Sunday Musings: I Have Gone To The ICJ To Seek Justice For The Man From Nazareth
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More than 2000 years after Jesus of Nazareth was crucified, a Kenyan lawyer went to court in 2013, to seek justice for the man from Nazareth.
Dola Indidis, a lawyer and former spokesman of the Kenyan Judiciary is suing Tiberius, who was emperor of Rome from 42 BCE-37 CE, Pontius Pilate, a selection of Jewish elders, King Herod, the Republic of Italy and the State of Israel.
Dola Indidis, holds that the trial and crucifixion of Jesus Christ was unlawful, and the State of Israel amongst others should be held responsible. He is praying the Court to consider a re-trial of Jesus Christ and convict those responsible for his unlawful crucifixion.
He is challenging the mode of questioning used during Jesus’s trial, prosecution, hearing and sentencing; the form of punishment meted out to him while undergoing judicial proceedings and the substance of the information used to convict him.
Although those he suggests should have been convicted during the original trial have not been alive for more than 2,000 years, Indidis insists that the government for whom they acted can and should still be held responsible. He contends that the proceedings before the Roman courts were a nullity in law, for they did not conform to the rule of law at the material time and any time thereafter.
From antiquity, crucifixion has always been considered one of the most brutal and shameful modes of death. Crucifixion on the Cross, which was first systemically used by the Assyrians and Babylonians in the 6th Century BC, and later introduced to the Eastern Mediterranean countries by Alexander the Great in the 4th Century BC, only became a Roman practice in the 3rd Century after the Phoenicians resorted to it in Rome. The Romans then perfected crucifixion for 500 years until it was abolished by Constantine the 1st, in the 4th century AD.
But even in Roman times, throughout the 500 years, crucifixion was reserved mostly for slaves, disgraced soldiers, Christians and foreigners. Only very rarely for Roman citizens.
Death from crucifixion was probably precipitated by, deliberate fracturing of the tibia and/or fibula, spear stab wounds into the heart, sharp blows to the front of the chest, or a smoking fire built at the foot of the cross to asphyxiate the victim, as was the practice then. The attending Roman guards could only leave the site after the victim had died.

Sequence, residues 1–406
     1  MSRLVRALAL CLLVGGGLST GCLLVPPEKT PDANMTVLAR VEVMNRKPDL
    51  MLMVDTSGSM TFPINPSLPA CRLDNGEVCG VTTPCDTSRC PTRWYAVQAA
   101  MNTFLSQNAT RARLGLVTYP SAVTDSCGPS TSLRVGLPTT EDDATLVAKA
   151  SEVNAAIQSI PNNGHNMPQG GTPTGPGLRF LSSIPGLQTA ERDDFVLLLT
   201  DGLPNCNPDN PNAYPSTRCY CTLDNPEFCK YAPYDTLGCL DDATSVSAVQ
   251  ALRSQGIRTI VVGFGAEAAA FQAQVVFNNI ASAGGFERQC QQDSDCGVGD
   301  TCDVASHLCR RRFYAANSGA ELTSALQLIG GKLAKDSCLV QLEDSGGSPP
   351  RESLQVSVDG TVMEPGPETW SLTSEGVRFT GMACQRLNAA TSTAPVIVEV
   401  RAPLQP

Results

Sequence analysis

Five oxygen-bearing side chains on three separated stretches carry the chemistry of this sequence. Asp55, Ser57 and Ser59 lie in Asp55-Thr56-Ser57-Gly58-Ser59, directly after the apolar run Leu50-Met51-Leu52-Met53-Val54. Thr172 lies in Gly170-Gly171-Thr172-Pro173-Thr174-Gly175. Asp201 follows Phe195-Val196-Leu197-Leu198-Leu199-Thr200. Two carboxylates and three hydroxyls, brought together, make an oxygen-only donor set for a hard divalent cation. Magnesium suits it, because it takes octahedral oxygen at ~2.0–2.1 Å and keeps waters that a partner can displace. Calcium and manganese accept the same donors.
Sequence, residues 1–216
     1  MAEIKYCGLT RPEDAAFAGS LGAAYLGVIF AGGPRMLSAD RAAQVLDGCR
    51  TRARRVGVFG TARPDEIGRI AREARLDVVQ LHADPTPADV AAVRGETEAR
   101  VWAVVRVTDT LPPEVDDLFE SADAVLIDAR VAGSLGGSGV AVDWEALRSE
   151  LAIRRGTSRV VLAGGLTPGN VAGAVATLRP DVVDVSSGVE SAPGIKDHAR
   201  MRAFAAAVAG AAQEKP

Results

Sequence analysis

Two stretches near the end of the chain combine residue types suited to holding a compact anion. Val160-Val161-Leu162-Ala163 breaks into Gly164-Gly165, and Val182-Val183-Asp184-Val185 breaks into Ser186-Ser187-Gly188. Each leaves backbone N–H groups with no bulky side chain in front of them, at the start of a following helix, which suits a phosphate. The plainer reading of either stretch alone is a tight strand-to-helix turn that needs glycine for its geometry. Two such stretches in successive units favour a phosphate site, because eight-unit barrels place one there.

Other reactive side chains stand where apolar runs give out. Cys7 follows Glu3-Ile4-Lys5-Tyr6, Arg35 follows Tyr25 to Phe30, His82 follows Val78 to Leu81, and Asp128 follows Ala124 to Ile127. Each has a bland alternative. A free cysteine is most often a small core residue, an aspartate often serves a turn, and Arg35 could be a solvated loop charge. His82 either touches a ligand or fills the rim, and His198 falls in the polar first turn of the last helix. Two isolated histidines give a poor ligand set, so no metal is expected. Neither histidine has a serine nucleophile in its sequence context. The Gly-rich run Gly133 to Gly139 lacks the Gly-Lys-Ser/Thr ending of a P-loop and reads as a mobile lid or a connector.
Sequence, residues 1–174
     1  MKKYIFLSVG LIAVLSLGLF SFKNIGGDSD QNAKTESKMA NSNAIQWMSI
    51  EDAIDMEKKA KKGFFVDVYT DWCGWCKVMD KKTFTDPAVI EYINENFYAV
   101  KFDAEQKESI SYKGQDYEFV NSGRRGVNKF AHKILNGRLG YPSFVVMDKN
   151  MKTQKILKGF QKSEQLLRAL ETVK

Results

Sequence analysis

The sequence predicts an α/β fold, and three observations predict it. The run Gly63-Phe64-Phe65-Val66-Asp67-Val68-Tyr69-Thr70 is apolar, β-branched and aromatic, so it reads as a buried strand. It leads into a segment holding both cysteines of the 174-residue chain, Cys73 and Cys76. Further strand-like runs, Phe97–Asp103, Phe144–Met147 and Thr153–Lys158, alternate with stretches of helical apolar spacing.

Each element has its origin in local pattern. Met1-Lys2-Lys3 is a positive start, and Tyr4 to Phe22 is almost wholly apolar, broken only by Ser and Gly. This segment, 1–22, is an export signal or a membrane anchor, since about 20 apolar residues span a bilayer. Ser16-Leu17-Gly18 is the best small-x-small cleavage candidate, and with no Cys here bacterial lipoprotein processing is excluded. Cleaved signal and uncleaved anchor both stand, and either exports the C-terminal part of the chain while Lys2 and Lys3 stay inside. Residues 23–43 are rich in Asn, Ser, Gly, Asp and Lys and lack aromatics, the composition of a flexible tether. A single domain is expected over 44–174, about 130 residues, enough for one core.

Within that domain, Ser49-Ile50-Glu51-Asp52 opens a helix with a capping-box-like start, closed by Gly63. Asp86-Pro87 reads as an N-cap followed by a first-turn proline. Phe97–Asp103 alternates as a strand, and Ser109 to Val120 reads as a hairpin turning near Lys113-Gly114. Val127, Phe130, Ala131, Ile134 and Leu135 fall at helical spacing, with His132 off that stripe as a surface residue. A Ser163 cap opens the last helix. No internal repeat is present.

So Indidis, a Christian himself, feels sufficiently offended that his savior Jesus, who was generally considered innocent, had to die in that despicable manner.
He told the Nairobian newspaper in 2013 that: “I filed the case because it’s my duty to uphold the dignity of Jesus and I have gone to the ICJ to seek justice for the man from Nazareth….. His selective and malicious prosecution violated his human rights through judicial misconduct, abuse of office, bias and prejudice…..I am suing as a friend.”
Indidis also told the Kenyan Citizen News, that: “Evidence today is on record in the Bible, and you cannot discredit the Bible…I know with a matter of fact and truth we have a good case with a high probability of success and I hope it is done in my lifetime.”
The case was first filed in the High Court in Nairobi but was rejected. Indidis then applied to have it heard at the ICJ. But an official from the ICJ was also quoted to have told a legal news website, Legal Cheek, that: “The ICJ has no jurisdiction for such a case. The ICJ settles disputes between States. It is not even theoretically possible for us to consider this case.”
So, if you were Dola Indidis, a concerned friend of Jesus, what will you do next?
Citizen Agba Jalingo.